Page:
Wilson has responded that he does not recall receiving or signing the agreement at
issue and further argues that the records reflect that his acknowledgment was
obtained less than one-tenth of one second after he opened the document. He
asserts that, because he could not have spent more than one-tenth of one second
looking at the document, he could not have reviewed, read, or agreed to the terms.
(Docs. 20, 20-1). Plaintiff further argues that the agreement was not signed and
The Agreement is provided in blank, with no date or signature, as a copy of the agreement that
was provided to the plaintiff online.
that, even if he “reviewed” the document, he did not agree to its terms. Finally,
Wilson asserts that the language of the arbitration provision at issue is not broad
enough to cover the statutory claims asserted in the complaint.
Pursuant to the Federal Arbitration Act (“FAA”), 9 U.S.C. '' 1 et seq. (1988),
a party to a written agreement involving interstate commerce 3 and containing an
arbitration clause has a right to petition a district court to issue an order compelling
arbitration. In Dunn Construction Co. v. Sugar Beach Condominium Assoc., the
district court asserted that its “ultimate objective in reviewing a motion to compel
arbitration is to ascertain if an arbitrable dispute exists between individuals or
entities who may be compelled to arbitrate. If arbitration is appropriate, it then is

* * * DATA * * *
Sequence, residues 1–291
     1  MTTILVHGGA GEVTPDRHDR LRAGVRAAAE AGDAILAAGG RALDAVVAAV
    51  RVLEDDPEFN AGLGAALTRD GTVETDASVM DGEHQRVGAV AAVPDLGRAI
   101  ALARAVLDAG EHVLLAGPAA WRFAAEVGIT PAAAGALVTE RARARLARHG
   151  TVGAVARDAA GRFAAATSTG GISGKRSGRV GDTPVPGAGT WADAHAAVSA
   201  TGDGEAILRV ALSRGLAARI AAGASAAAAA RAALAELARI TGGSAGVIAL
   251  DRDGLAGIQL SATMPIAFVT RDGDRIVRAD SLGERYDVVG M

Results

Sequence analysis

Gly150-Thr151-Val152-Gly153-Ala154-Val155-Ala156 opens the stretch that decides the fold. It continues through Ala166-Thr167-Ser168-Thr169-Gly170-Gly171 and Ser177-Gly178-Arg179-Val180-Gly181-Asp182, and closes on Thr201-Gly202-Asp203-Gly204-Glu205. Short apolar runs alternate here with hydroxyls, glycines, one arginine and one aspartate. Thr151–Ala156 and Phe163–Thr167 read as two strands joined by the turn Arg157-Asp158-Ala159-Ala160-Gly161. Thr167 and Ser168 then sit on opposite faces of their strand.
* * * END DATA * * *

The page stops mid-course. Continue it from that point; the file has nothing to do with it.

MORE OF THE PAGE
the arbitrator’s responsibility to resolve the merits of the parties’ contentions.” 760
F. Supp. 1479, 1482 (S.D. Ala. 1991).
There is a strong national policy favoring arbitration of disputes. Southland
Corp. v. Keating, 465 U.S. 1, 10, 104 S. Ct. 852, 79 L. Ed. 2d 1 (1984) (finding that
“all doubts concerning the arbitrability of claims should be resolved in favor of
arbitration”); see also Moses H. Cone Mem=l Hosp. v. Mercury Constr. Corp., 460
The parties in the instant case do not dispute that the contract at issue involves interstate
commerce, and the court likewise finds that the interstate commerce requirement of the
arbitration provision is met. See Jenkins v. First American Cash Advance of Georgia, LLC,
400 F.3d 868, 874-75 (11th Cir. 2005).
U.S. 1, 24, 103 S. Ct. 927, 74 L. Ed. 2d 765 (1983). The FAA provides, “[a] written
provision in . . . a contract evidencing a transaction involving commerce to settle by
arbitration a controversy thereafter arising out of such contract or transaction . . .
shall be valid, irrevocable, and enforceable, save upon such grounds as exist at law
or in equity for the revocation of any contract.” 9 U.S.C. ' 2. Further, the
Supreme Court has stated that the “primary purpose [of the FAA is to ensure that]
private agreements to arbitrate are enforced according to their terms.” Volt Info.
Sciences, Inc. v. Board of Trustees of Leland Stanford Jr. Univ., 489 U.S. 468, 479,
109 S. Ct. 1243, 103 L. Ed. 2d 488 (1989). The FAA was intended to “reverse the
longstanding judicial hostility to arbitration agreements that had existed at English
common law and had been adopted by American courts, and to place arbitration
agreements upon the same footing as other contracts.” Jenkins v. First America
Cash Advance of Ga., LLC, 400 F.3d 868, 874 (11th Cir. 2005) (quoting Gilmer v.
Interstate/Johnson Lane Corp., 500 U.S. 20, 24, 11 S. Ct. 1647, 1651, 114 L. Ed. 2d
26 (1991)). The issues presented in the instant motion to compel arbitration are
whether Wilson agreed to arbitrate his employment claims, and, if he did, whether